Any self-respecting law has to be unintelligible at first sight, but don’t worry; this turns out to be one of those where you slap your forehead and say, of course, I knew that all along. Let me explain.
It was raised in a workshop I attended. A woman was at the mike, interacting with the facilitator, and shared about her husband who doesn’t seem to be interested any longer in intimate conversations. As the exchange unfolded, it transpired that, well, yes, he likely is interested, he says he’s interested, he just doesn’t seem to ever bring up a personal topic any more.
“Ahhh,” said the facilitator. “This seems to be a case of the Law of differing frequency of interest in mutual endeavours.”
Simply put, people that we are attracted to have things in common with us (“interest in mutual endeavours”). But problems can arise as we become closer and spend more time with that person, when it begins to look like they no longer have an interest in something that initially brought us close.
What the law explains is that it’s not that they don’t have an interest, but rather that they don’t have quite as frequent an interest. And the practical result is that they never get to express their interest.
Think about it. Rick and I are both interested in going for a coffee and doing a crossword. But Rick is on a different frequency. He gets a hankering for it every day; I get a hankering every other day. That means that he comes along and suggests going for a coffee. As we just went for one yesterday, and I’m not feeling the pressure until tomorrow, it’s not me who suggests it. As a matter of fact, it means it’s never me who suggests it. To an undiscerning eye (the kind that all of us humans have), it eventually looks like I’m not interested.
Similarly, I could kayak every week. Rick’s frequency is more like once a month. That means it’s always me who’s bringing it up. I could get the feeling that he’s not interested in kayaking, even though there is a great deal of other evidence to the contrary. It would be easy to step into the trap of assuming something here.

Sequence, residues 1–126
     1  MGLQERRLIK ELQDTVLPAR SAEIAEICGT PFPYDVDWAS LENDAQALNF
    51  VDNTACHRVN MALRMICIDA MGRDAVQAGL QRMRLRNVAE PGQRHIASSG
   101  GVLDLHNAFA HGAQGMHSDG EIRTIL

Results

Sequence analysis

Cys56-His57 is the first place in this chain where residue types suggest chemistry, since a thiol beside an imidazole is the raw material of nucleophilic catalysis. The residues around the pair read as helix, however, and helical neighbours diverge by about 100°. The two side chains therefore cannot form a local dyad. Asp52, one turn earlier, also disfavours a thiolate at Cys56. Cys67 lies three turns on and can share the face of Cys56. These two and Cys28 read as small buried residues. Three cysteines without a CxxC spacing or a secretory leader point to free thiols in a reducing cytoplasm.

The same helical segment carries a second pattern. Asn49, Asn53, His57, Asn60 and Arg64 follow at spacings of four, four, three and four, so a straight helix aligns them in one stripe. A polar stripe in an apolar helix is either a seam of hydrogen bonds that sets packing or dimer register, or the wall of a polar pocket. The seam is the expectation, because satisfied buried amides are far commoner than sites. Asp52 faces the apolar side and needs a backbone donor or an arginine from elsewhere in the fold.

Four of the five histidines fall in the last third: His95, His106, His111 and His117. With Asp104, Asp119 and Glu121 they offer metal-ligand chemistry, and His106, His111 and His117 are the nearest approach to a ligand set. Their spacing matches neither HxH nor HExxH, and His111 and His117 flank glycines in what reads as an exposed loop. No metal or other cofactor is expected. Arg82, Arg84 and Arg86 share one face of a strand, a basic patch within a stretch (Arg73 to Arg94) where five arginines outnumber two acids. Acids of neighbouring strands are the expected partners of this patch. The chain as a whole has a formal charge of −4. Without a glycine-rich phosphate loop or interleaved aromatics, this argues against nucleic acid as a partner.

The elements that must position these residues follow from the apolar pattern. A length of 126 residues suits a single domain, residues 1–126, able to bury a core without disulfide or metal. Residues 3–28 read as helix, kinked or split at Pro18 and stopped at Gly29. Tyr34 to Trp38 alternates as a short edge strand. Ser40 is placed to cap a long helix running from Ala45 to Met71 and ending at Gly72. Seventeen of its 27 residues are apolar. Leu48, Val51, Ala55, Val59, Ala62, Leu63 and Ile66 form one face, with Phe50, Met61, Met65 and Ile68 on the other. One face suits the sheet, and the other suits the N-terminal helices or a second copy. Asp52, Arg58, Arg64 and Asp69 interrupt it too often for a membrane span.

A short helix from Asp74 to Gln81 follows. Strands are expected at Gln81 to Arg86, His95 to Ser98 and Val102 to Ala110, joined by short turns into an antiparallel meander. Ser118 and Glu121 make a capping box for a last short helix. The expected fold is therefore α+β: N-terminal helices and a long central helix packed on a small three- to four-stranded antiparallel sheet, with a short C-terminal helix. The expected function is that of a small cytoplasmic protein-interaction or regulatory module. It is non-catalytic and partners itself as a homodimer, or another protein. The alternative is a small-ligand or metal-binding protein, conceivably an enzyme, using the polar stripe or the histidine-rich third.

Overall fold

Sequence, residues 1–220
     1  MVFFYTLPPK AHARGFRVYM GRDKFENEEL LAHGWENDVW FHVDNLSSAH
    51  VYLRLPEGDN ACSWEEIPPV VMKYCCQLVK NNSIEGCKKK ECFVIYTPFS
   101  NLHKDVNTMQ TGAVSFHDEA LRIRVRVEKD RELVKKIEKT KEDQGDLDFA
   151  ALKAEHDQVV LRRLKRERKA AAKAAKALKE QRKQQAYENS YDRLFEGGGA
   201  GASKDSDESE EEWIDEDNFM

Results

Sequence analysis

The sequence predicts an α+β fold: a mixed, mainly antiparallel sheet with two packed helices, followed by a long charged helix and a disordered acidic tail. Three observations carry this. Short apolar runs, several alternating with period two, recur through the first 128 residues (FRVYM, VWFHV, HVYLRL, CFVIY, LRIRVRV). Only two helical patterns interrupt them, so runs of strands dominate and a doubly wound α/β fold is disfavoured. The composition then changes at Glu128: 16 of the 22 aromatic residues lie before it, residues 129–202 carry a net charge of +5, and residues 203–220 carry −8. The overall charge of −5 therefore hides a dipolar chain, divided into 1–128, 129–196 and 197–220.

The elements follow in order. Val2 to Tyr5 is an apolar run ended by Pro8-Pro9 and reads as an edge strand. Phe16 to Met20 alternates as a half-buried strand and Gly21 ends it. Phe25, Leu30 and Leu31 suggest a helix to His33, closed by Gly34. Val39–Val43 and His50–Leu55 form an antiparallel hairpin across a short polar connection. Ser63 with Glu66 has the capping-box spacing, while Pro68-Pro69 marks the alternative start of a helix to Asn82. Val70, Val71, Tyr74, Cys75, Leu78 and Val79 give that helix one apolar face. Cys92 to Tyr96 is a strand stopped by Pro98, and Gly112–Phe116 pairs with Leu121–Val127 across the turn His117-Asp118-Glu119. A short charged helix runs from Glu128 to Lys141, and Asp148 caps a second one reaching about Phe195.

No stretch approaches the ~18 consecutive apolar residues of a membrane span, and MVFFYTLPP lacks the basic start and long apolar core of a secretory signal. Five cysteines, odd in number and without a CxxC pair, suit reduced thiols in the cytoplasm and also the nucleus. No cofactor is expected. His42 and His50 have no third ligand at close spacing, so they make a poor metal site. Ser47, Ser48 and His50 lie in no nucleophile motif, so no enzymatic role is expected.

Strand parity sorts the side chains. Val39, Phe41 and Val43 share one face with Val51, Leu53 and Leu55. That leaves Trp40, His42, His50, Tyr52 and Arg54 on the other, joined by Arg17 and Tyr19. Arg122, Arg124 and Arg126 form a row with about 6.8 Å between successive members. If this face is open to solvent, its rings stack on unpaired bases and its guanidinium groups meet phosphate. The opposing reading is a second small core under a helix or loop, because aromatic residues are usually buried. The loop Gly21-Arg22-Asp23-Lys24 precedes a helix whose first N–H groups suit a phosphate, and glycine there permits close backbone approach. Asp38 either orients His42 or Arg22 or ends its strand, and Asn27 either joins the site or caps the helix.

These aren’t particularly profound examples. But you can see that the Law applies equally to more important, and potentially disruptive, issues. Sex, for example. If you can believe the movies, most couples seem to be on differing frequencies in this regard. Equally, it applies to any kind of physical contact. We all need a hug, but some of us need one considerably more often. Or, take the example that came up in the workshop: intimate conversations. The woman’s need-an-intimate-conversation well runs dry more quickly than her husband’s does.
The Law was only mentioned in passing in the workshop, and somewhat playfully. Its creator would be the first to acknowledge that it doesn’t explain a staggering amount in the complex domain of human dissimilarities. But The Law snagged my interest. I like the way it reminds us about what we have in common, rather than focusing purely on our differences.
I like how the Law focuses on the differing frequency of interest, rather than the differing amount of interest. When we focus on the amount of interest, we can easily fall into a familiar spiral. We begin at: “He/he never initiates…(fill in the blanks: talking, going to the movies, sex, working in the garden, going out for dinner…). We start to think: “He/she doesn’t want to….any more.” That can devolve rapidly to: “We don’t have interests in common any more.”
And finally one arrives at the doorstep of: “We don’t like/love each other anymore.” End of friendship, romance, marriage.
On the other hand, when we look at the issue as one of frequency, rather than of amount, it becomes a mere scheduling problem. Rick and I can talk about the coffee thing, then agree to go for a coffee every day, or every other day, or some creative in-between compromise.
It’s a simple law. Another law I like, Occam’s razor, says that the simplest explanation is most likely the accurate one. And then there’s Heather’s law, which says that There is Nothing Wrong Here. These bits of scientific rigour all align nicely.
By all means, let’s keep it simple.
A tip of the hat to Jason Weston who conjured up this Law, from his vast bank of observation of human nature data—and apologies for my subjective interpretation of it.